Translation:My grandmother does not run in February.
I'm so sorry, grandmother! :-( I've thought you were grandfather and also hadn't noticed that fevereiro is actually a month and not fever ;-) :-D :-P I will never let you run again as grandfather with fever!
Do you forgive me, please? :-)
"Avó" and "vó" with an acute accent both mean grandmother, and "avô" and "vô" with a circumflex mean grandfather.
Thank you! I was having a hard time telling them apart. Do "vó" and "vô" have different pronunciations?
A native Brazilian speaker really needs to comment on this, but as a non-native speaker married to a Brazilian that hears more Portuguese spoken at home than English, I hear my boys talk to and refer to their grandmother.
To my ears, vó (grandmother) has a softer 'o' sound than vô (grandfather). In fact, vó almost seems to have a soft 'a' sound (think short vowel sound), whereas vô almost has hard 'o' sound (think long vowel sound).
In addition to the fact I'm not a native speaker, there is also the minor detail of my poor hearing. So, please take this with an extra grain of salt. However, I am able to distinguish between the two now, and the above explanation is how I distinguish them in my mind. Lastly, if you plug each one into Google Translate and click the microphone button, you can get a feel for the difference.
There is no difference in the length of the vowels. Avó (or vó, informally) has an open O (like in pOt), while avô (or vô, informally) has a closed O (like in fOam).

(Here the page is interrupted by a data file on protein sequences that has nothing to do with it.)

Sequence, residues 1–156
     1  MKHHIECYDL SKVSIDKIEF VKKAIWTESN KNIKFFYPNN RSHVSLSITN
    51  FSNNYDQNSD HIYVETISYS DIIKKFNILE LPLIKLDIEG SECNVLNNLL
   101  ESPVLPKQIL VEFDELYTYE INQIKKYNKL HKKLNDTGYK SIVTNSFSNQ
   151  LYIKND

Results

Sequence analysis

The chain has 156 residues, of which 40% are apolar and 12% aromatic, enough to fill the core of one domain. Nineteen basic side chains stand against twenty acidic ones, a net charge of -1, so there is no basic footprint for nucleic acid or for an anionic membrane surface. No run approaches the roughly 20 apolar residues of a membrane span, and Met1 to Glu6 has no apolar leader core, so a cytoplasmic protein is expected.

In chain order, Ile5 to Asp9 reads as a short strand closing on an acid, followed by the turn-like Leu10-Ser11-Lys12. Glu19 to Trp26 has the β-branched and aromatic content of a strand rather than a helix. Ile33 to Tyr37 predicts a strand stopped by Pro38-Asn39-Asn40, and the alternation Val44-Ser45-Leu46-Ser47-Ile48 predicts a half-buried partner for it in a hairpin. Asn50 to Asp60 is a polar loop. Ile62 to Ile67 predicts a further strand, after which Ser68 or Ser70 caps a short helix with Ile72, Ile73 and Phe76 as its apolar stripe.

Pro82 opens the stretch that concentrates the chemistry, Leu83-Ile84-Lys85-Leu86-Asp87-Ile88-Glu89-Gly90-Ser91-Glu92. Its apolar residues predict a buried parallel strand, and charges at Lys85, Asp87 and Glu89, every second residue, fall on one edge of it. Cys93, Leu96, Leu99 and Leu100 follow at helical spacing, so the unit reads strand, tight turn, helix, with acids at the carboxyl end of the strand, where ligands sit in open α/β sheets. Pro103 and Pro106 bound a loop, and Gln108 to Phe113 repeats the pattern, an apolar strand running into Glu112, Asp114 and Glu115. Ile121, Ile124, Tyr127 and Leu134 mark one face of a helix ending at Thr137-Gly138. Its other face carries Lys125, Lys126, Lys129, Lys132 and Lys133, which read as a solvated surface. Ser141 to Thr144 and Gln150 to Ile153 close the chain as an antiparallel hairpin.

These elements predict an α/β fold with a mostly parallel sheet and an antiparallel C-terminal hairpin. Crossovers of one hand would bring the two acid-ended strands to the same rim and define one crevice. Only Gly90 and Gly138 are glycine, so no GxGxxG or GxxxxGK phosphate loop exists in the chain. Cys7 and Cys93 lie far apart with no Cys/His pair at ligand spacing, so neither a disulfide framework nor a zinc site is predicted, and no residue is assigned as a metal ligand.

Actually, what he's referring to isn't the time-length of the vowel, but rather what we Americans typically learn in school as children. We learn to identify the "o" in "hot" as "short" and the "o" in "toe" as "long" (linguistically it's because these sounds used to actually differ from each other in time-length, before the "great vowel shift") -- so it more-or less matches your examples
I wrote "granny", but is was not accepted. Maybe I should wait for "vovozinha" to translate it this way?
I was corrected to "Minha Avó......" which is kind of ridiculous because I really cannot hear the "a" in "avó", but oh well.....
So I must ask: When is vó used as opposed to avó? Is it a question of formality? As in pai vs. papai, mae vs mamae?
(Sorry I didn't add the accents, I'm typing on a PC and haven't quite figured out how to insert special characters yet and I'm tired of cutting and pasting).